The question of what came before the Romans is as irrelevant to some as to what occurred before time. however the Etruscan civilisation that pre-dates the Roman one contributes to what many either take for granted or erroneously attribute to the Romans. In fact even legendary gladiator fighting, considered the core of Imperial Roman entertainment, derived from an Etruscan funeral ritual.

The study of Etruscan archaeological sites and material culture is providing increasing insights into the people who gave Rome its earliest walls, first kings, the advanced drainage system of the Cloaca Maxima, nobility concepts and the arts of divination, banquet- ing, fresco painting and metal working. The National Etruscan Museum housed in Villa Giuliaand the Vatican Museums have recently invested in the display of their Etruscan collections, showing hundreds more artefacts excavated from pre-Roman tombs and urban settlements.

The expansion of the National Etruscan Museum into nearby Villa Poniatowski means that items previously in storage from Etruscan communities in Umbria (Terni, Todi, Gualdo Tadino and Nocera Umbra) and from south of Rome (lanuvio, Segni, Nemi and Palestrina) are now on display. This new exhibition space, presented to the public in January, is part of a programme that started with last year’s reorganisation of an entire wing in Villa Giulia dedicated to the prominent Etruscan cities of Vulci, Cerverti and Tarquinia.

Among the highlights of the main collection in the new wing of Villa Giulia are the golden tablets from the sanctuary of Pyrgi, discovered in 1964 in the coastal city of Santa Severa, 50 kms north of Rome. They contain the largest extant Etruscan inscriptionand contribute to today’s understanding of the language. Etruscan writing was phonetic and usually written from right to left. It remained obscure for centuries because important literary evidence was lost with the assimilation of Etruscan into Roman culture. By 100 AD the Romans had conquered most of the Etruscan cities, some dating back to the 10th century BC, and replaced their language with latin. With the discovery of the three golden tablets that record a dedication made in 500 BC by the King of Cerveteri to a Phoenician goddess – two inscribed in Etruscan and one in Phoenician – the mystery of the Etruscan language is easier to solve.

Despite the fact that the language died over 2,000 years ago, several words in English are believed to have derived from Etruscan, such as “autumn” from an Etruscan earth deity named Voltumna, as well as “person” from the Etruscan word for mask, phersu. Part of the new wing in Villa Giulia also contains tombs from the cities of Tarquinia and Cerveteri. The burial practices of the Etruscans are what dis- tinguish them most from their Greek and Roman counterparts, as their funeral architecture and rituals are closer to those of Egypt and the Orient.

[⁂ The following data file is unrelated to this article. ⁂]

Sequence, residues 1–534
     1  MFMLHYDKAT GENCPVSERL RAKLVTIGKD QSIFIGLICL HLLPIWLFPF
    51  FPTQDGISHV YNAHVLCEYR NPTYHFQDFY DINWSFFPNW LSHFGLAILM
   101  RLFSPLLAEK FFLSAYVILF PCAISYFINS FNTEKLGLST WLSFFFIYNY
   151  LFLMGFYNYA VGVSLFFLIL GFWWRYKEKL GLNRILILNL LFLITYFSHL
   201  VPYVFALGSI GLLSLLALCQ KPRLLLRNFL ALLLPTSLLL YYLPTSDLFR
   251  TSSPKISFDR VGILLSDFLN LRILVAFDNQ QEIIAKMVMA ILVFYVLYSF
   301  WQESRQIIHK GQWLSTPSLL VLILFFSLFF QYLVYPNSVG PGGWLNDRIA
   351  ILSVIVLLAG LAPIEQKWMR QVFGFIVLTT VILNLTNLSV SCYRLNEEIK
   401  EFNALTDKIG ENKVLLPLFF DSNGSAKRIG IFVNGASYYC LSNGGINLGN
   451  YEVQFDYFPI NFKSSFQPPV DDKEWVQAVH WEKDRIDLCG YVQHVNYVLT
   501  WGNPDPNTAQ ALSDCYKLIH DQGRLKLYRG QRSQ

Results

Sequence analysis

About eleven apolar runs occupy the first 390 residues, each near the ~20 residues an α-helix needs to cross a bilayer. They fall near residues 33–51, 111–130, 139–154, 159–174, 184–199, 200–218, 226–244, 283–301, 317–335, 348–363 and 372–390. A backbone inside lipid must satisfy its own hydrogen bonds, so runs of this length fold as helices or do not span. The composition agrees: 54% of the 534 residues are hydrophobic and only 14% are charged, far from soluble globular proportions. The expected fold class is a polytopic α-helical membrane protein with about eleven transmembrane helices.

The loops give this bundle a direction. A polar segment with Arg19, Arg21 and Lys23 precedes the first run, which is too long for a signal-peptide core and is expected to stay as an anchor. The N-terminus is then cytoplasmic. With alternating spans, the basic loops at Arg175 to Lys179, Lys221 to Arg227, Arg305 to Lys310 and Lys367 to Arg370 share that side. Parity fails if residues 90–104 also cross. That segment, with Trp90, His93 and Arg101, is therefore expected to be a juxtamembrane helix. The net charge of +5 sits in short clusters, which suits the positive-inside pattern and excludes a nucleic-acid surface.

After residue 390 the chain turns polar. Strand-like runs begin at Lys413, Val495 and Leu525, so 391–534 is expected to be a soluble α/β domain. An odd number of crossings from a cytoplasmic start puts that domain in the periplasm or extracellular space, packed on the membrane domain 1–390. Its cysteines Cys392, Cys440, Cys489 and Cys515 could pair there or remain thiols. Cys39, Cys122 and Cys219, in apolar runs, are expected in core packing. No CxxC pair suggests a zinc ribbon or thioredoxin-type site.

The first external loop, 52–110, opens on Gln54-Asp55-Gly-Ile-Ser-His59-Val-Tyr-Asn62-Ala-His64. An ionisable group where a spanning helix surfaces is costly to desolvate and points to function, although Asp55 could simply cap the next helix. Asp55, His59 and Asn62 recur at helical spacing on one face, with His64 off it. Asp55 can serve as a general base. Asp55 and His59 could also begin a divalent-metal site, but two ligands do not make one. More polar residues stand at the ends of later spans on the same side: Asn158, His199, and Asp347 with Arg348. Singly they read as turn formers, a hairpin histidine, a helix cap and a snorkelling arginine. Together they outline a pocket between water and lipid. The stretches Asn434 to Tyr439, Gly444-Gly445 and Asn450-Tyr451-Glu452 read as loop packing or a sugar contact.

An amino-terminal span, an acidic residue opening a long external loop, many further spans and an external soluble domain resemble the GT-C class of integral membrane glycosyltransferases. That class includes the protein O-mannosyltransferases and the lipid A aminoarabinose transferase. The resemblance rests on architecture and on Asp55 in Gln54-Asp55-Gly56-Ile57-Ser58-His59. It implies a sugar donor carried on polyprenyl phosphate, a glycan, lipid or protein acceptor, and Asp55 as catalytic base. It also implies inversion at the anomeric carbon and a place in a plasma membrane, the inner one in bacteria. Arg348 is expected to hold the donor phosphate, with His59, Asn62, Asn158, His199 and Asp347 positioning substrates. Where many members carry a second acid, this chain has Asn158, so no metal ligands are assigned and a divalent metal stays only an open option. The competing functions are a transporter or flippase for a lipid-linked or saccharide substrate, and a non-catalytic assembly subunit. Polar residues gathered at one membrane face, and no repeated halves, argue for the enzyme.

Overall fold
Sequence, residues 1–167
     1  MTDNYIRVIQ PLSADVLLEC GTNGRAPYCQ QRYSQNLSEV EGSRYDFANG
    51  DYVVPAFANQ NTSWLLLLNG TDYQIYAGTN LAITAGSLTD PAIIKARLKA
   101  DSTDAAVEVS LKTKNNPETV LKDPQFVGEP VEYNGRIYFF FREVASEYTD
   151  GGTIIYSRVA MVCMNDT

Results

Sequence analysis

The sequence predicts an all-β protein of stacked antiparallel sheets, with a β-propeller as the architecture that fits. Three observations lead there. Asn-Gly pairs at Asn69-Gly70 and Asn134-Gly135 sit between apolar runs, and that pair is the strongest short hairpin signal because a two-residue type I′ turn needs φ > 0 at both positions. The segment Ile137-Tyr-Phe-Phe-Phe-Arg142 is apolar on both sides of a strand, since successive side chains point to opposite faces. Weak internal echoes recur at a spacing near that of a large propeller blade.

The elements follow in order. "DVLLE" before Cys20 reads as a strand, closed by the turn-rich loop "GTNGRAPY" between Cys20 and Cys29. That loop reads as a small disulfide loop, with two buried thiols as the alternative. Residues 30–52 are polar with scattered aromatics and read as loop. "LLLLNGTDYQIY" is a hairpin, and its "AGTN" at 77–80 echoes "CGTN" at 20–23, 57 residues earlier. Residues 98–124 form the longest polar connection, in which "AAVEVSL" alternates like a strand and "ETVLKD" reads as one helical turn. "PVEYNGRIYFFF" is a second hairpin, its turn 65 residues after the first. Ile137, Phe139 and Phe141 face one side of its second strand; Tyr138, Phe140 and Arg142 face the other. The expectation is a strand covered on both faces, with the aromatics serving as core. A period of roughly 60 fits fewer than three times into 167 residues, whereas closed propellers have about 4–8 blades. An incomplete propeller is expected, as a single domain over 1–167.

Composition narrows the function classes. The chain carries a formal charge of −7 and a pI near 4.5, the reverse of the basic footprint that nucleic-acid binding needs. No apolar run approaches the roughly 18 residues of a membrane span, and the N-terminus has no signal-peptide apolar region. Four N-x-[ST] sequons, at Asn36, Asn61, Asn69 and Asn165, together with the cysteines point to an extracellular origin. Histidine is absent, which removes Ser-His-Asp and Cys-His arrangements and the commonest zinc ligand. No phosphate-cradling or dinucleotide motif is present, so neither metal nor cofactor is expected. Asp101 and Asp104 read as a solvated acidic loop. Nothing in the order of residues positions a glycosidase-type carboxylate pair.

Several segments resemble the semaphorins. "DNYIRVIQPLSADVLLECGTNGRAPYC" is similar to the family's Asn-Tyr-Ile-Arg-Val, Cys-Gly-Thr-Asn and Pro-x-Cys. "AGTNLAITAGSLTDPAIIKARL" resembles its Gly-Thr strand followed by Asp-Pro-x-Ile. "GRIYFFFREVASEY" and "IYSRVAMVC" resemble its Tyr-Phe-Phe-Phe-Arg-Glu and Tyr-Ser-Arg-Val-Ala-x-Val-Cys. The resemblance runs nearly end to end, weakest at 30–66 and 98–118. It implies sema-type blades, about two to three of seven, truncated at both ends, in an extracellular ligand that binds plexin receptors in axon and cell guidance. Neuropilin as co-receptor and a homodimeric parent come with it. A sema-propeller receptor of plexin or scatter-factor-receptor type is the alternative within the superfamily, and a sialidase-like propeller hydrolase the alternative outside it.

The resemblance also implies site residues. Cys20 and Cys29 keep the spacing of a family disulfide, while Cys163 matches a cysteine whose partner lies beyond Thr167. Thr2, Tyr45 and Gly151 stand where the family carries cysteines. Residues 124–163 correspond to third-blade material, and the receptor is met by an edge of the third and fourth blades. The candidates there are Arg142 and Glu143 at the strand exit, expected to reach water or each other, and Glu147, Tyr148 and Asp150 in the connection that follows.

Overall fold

The bronze Trono Barberini from Palestrina at Villa Poniatowski. The city of Tarquinia – home of two of the most prominent kings of early Rome – and its necropolis is located some 65 kms north of Rome. The city is now a UNESCO World heritage site comprising 6,000 underground tomb chambers and 200 fresco paintings dating from the 7th-2nd centuries BC. Thanks to the delicate instalment at Villa Giulia of the Tomb of the Funeral Couch (Tomba del letto Funebre), dating from 470 BC and discovered in 1873, visitors to the museum can view one of the finest and oldest frescoes in Italy, which had been painted onto the walls of an underground tomb chamber cut out of soft rock into a sloping hillside. Villa Giulia has also recreated a tomb from the city of Cerveteri, the largest necropolis in the Mediterranean, where burial grounds were made of mounds of earth and built on ground level to resemble a domestic dwelling.

The tomb resembles a sixth-century tumulus from the Bandidaccia necropolis, in which a male and female were buried together, as indicated by the interior carvings. Inside are personal items of the deceased, discovered inside the actual tomb in Cerveteri. The Vatican Museums have also enhanced their extensive Etruscan collec- tion, which is one of the most important in Europe. last year two new rooms were added to the existing 23 displaying artefacts such as bronze vessels and jewellery, engraved hand mirrors, pottery vases, cinerary urns and sarcophagi from the early Iron Age (ninth century BC) to the hellenistic period (second century AD).

The Vatican collection comes from the main Etruscan settlement area referred to as Etruria, corresponding roughly to modern-day Tuscany, extending from the Arno river valley and running through the cities of Pisa and Florence to the Tiber in Rome. Before the unification of Italy many of these sites were on papal territory, which explains how these Etruscan treasures ended up in the Vatican Museums. However, the Etruscan galleries are among the least visited and least well-known part of the Vatican’s collection, partly because they are not on the direct route to the Sistine Chapel. Nevertheless they are well worth a detour, not least because so few people visit the galleries. Villa Giulia is open from 08.30-19.30, Mon closed.

Visits to the new exhibition space in Villa Poniatowski are in groups of not more than 25 people on Tues, Wed and Thurs 10.00, 11.15 and 12.30. Guided tours of Villa Poniatowski may be booked on Fri, Sat and Sun 10.00, 11.15 and 12.30. The Etruscan Museum in the Vatican Museums should be accessible whenever the museums are open, however you may find that the galleries are closed in the afternoon because so few people visit them. The Vatican is lending some of the items in its collection for an exhibition in Asti, Piedmont, entitled Etruschi: l’ideale eroico e il vino lucentefrom 18 March to 15 July.

Theresa Potenza